Bottom-line – Looking at both the examples, one can see that there is not much difference to the buyer/end consumer. The benefit to the end consumer totally depends on the GST rate associated with a particular item or service under the GST. If we had assumed a higher GST rate for the bucket, the end consumer would have actually paid a lot more than earlier. But then, the real benefit from the GST regime is actually reaped by sellers, manufacturers and traders because the GST allows an unrestricted flow of input tax credits and so they get a refund on the input taxes that they have paid at the time of sale. That said, sellers can pass on this benefit to the end consumer if they choose to by reducing their final selling prices (as they do get their tax money back).
Components of GST
Since July 2017, India has been following the dual-GST model, which is made up of the following components:
- SGST– A form of GST collected by the state government
- CGST– A form of GST collected by the central government
When the sale of goods and services takes place within the same state, both taxes will be levied.
If the movement of goods occurs between two different states (i.e., an interstate transaction), a combined tax called the IGST or the Integrated GST (SGST + CGST) will be collected by the central government. The IGST will replace the previously levied Central Sales Tax (CST) of 2%.
The tax amount collected as IGST will later be distributed to respective state governments.
To understand the dual-GST model better, let’s take a look at the following scenarios:
Scenario 1: Levy of SGST and CGST
Let us assume that you’re a distributor in Chennai and you buy goods from a manufacturer in Tirupur, Tamil Nadu. Since the sale and movement of goods happen within the state, SGST and CGST will be levied on the sale. You, as the distributor, will get tax credit on the input SGST and CGST.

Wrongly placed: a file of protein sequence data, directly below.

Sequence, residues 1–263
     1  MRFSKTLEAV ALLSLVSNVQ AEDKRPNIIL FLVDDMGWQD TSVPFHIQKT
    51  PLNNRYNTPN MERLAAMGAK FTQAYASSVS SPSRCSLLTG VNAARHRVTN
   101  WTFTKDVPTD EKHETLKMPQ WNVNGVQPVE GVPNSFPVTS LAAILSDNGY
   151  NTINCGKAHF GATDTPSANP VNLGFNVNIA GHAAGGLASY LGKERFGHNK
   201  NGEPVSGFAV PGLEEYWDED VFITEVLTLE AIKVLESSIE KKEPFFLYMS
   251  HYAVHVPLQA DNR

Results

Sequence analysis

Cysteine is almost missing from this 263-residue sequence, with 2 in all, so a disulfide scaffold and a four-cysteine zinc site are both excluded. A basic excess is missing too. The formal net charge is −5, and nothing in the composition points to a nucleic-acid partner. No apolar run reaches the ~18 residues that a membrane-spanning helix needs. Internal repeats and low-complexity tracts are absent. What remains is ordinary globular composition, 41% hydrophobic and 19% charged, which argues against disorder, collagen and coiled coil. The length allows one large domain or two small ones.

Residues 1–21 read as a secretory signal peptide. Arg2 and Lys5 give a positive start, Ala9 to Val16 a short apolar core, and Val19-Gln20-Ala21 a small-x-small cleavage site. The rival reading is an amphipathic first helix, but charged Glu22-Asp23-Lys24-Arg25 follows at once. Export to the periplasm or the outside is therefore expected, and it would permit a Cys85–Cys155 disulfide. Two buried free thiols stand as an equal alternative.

Scenario 2: Levy of IGST
Let us assume that you’re a distributor in Belgaum, Karnataka, and you buy goods from a manufacturer in Tirupur, Tamil Nadu. Here, the sale and movement of goods happen between two different states, IGST will be levied on the sale.
GST Tax Structure
The four-tier tax structure of GST has the following slabs: a zero rate, a lower rate, two standard rates, and a higher rate. Here’s a brief overview of each GST rate.
The zero rate tax is a nil tax that is applied on goods and services. Zero rated items include milk, eggs, curd, unpacked foodgrains and health & educational services.
A lower rate of 5% will be applied on items like sugar, tea, edible oil, coal, spices, and cotton fabric. This, along with the zero rate, will help prevent inflation from having much of an impact on the prices of essential items.
There are two standard rates that have been finalized by the GST Council: 12% and 18%.
Processed food, butter, and mobile phones will be taxed at 12%. Capital goods, industry intermediaries, toiletries, computers and printers will be taxed the second standard rate of 18%.
A higher rate of 28% will be levied on white goods. This includes items such as washing machines, high-end motorcycles, air conditioners, refrigerators, small cars, etc.
The additional cess, which has been a topic of debate since the GST rates were proposed, is now finalized. It was feared that demerit goods such as tobacco products and aerated drinks, which were previously taxed at 65% and 40%, would become cheaper and too easily accessible if the highest rate of GST was set at 28%. To keep this from happening, the new GST structure will collect an additional cess on top of the 28% GST. The cess will only be applied on demerit goods like like coal, paan masala, tobacco, aerated drinks, and motor vehicles.